San Diego Business Journal

Military on Board With Green Power

ENERGY: Alternative Fuel Goals Align With Local Companies’ Research By Brad Graves Monday, March 26, 2012
The F/A-18F Super Hornet, aka ‘Green Hornet,’ broke the sound barrier while running on a 50-50 mix of biofuel and conventional fuel. The biofuel was refined from the camelina plant.

The F/A-18F Super Hornet, aka ‘Green Hornet,’ broke the sound barrier while running on a 50-50 mix of biofuel and conventional fuel. The biofuel was refined from the camelina plant.

In 1907, President Theodore Roosevelt sent 16 U.S. Navy battleships around the world. The ships came to be known as the Great White Fleet.

A century later, President Barack Obama and Navy Secretary Ray Mabus are putting together a “Great Green Fleet.” Mabus has set a 2016 deadline to power a carrier strike group — the ships and aircraft that travel with an aircraft carrier — on alternative fuels.

It’s part of a U.S. government push to get military ships and aircraft to run on alternative sources of energy. The Navy hopes to get 50 percent of its liquid fuel from alternative sources by 2020. The U.S. Air Force has a similar goal.

Some of the scientific conversations behind the push are taking place in San Diego, home to the Navy’s largest concentration of ships.

Sapphire Energy Inc., based on Torrey Pines Mesa, is one company that’s part of the government’s research efforts — and one that plans to help the strike group go to sea. The 155-employee firm has hosted Navy and other U.S. Department of Defense officials for scientific discussions. “They’ve kicked the tires,” said Tim Zenk, the company’s vice president of corporate affairs. The private company has shared liters of its product with government scientists.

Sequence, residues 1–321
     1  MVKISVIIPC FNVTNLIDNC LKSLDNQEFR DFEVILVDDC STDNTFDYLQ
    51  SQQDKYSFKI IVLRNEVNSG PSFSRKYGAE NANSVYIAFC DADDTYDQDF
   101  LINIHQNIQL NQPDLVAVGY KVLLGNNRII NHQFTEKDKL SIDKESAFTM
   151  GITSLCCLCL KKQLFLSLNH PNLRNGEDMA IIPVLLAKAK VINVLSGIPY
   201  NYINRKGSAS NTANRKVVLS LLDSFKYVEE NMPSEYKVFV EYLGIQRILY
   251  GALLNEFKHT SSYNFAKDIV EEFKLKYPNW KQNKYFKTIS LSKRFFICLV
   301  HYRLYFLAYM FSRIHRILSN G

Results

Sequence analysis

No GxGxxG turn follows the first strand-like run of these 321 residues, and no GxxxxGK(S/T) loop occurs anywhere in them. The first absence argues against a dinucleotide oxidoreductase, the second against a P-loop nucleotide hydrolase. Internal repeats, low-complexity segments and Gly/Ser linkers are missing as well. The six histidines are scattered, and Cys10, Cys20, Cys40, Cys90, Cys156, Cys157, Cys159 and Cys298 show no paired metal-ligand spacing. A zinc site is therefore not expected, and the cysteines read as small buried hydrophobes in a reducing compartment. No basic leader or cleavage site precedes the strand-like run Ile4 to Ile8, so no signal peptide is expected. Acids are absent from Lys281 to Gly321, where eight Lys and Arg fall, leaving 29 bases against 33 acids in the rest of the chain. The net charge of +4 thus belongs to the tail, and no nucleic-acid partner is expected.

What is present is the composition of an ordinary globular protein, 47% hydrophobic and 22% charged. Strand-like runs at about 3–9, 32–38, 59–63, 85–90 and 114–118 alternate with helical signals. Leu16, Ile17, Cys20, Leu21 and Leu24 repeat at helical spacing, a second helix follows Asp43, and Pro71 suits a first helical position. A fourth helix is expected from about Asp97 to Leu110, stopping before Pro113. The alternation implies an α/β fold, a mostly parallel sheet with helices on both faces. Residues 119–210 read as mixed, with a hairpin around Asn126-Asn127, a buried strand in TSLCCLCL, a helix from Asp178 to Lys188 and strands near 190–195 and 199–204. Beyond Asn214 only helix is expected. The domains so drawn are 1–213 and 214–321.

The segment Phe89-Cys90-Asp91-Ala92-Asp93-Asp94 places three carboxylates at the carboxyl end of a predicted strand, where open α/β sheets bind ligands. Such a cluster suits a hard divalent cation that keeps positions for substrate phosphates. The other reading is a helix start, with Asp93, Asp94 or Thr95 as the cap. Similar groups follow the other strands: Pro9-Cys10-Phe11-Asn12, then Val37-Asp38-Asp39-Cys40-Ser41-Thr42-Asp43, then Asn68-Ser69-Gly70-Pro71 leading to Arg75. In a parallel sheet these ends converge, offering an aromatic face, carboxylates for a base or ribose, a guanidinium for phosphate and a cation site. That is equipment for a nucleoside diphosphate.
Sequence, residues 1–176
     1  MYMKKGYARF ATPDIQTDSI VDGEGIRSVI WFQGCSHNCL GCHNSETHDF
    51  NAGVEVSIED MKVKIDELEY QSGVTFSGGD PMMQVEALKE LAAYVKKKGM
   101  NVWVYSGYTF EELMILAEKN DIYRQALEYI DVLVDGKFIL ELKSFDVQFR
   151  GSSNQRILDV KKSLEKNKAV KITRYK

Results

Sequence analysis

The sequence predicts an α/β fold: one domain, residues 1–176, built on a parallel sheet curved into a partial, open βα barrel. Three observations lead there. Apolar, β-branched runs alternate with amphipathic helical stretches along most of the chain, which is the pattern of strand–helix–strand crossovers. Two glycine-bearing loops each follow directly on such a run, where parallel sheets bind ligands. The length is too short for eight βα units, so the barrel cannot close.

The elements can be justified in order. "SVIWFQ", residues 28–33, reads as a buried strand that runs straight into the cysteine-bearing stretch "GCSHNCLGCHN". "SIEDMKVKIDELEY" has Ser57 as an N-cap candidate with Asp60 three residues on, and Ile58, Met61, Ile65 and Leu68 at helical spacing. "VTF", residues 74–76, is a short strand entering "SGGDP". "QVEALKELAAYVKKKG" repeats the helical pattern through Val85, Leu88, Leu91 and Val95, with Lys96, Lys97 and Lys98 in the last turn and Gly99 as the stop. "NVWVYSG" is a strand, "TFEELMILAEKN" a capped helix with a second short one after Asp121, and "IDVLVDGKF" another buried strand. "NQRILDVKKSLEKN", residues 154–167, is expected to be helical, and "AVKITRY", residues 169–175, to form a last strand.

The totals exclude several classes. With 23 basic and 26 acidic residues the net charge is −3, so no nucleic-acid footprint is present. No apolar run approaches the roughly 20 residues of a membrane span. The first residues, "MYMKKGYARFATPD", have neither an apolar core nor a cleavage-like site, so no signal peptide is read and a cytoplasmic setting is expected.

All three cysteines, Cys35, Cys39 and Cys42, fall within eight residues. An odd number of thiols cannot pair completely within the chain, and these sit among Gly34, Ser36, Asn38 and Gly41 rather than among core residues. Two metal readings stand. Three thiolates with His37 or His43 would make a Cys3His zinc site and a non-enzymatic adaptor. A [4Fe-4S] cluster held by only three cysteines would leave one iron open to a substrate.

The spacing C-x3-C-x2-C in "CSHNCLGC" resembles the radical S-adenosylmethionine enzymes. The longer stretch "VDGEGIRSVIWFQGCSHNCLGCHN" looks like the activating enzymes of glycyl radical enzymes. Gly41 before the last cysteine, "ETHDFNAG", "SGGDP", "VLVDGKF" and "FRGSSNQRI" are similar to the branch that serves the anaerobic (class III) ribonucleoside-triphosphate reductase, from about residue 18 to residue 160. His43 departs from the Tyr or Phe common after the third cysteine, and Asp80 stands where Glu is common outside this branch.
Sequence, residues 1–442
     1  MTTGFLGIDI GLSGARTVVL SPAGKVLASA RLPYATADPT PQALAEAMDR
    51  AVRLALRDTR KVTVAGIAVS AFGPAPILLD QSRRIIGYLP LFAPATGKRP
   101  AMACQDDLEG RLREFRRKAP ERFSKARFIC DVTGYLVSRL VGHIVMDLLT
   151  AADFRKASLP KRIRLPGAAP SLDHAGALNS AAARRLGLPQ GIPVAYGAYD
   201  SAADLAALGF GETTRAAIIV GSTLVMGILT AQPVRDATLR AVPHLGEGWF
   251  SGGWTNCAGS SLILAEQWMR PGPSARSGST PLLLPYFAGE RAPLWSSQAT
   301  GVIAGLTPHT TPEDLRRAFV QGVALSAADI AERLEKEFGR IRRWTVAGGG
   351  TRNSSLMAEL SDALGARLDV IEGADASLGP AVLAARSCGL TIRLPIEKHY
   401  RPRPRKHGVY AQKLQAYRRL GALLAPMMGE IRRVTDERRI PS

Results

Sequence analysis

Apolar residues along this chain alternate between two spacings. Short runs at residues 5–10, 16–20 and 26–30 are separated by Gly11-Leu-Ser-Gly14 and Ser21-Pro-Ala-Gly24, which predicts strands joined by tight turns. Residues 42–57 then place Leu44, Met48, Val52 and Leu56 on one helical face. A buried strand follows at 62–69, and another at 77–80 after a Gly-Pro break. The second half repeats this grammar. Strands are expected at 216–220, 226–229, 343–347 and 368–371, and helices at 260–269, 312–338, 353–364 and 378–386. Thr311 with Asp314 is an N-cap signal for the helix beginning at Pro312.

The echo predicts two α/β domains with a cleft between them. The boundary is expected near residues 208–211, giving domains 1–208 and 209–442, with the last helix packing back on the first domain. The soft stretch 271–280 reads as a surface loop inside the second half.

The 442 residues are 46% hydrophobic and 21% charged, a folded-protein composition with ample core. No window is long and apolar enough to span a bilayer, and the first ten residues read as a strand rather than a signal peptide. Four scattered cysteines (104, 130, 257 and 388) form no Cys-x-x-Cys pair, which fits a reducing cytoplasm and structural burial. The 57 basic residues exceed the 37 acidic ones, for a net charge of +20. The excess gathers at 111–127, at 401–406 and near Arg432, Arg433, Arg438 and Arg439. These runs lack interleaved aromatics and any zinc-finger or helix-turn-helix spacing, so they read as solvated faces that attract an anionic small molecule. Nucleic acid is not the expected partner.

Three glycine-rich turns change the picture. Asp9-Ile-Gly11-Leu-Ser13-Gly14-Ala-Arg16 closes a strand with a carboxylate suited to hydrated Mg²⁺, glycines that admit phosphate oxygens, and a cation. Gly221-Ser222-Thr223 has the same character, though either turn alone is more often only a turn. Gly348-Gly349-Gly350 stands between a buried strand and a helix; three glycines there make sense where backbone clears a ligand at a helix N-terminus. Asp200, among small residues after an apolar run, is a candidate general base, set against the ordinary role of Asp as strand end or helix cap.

Sapphire is working to produce biofuel from algae. “San Diego is kind of ground zero in the algae space,” said Zenk. The firm has received $104.5 million in federal funds — including stimulus money as well as 2008 Farm Bill funding — as well as $100 million in venture capital. Sapphire is setting up a 100-acre algae refinery in New Mexico, with plans to expand that to 300 acres.

Firms Engaged in R&D

Also working to squeeze fuel out of algae is its neighbor General Atomics, which is working on the project with the Pentagon’s research and development arm, DARPA, the Defense Advanced Research Projects Agency.

They are not alone. Heather Kowalski of La Jolla-based Synthetic Genomics Inc. said by email that her company has briefed government officials about its biofuel research, but gave no additional details. Synthetic Genomics is investigating several types of fuels, and has been looking into algae-based fuel with Exxon Mobil Corp.

The military is asking for a “drop in” replacement for diesel or jet fuel. In other words, diesel engines or turbines would require no modification to use it.

SG Biofuels, based in Carmel Valley, is one of several companies working to breed jatropha — a nonedible plant that produces large, oily seeds. Oil from the plant is a suitable substitute for jet fuel, said Brian Brokowski, SG Biofuels’ vice president of communications. SG Biofuels received $17 million in series B funding in January; San Diego-based Life Technologies Corp. was one of the investors.

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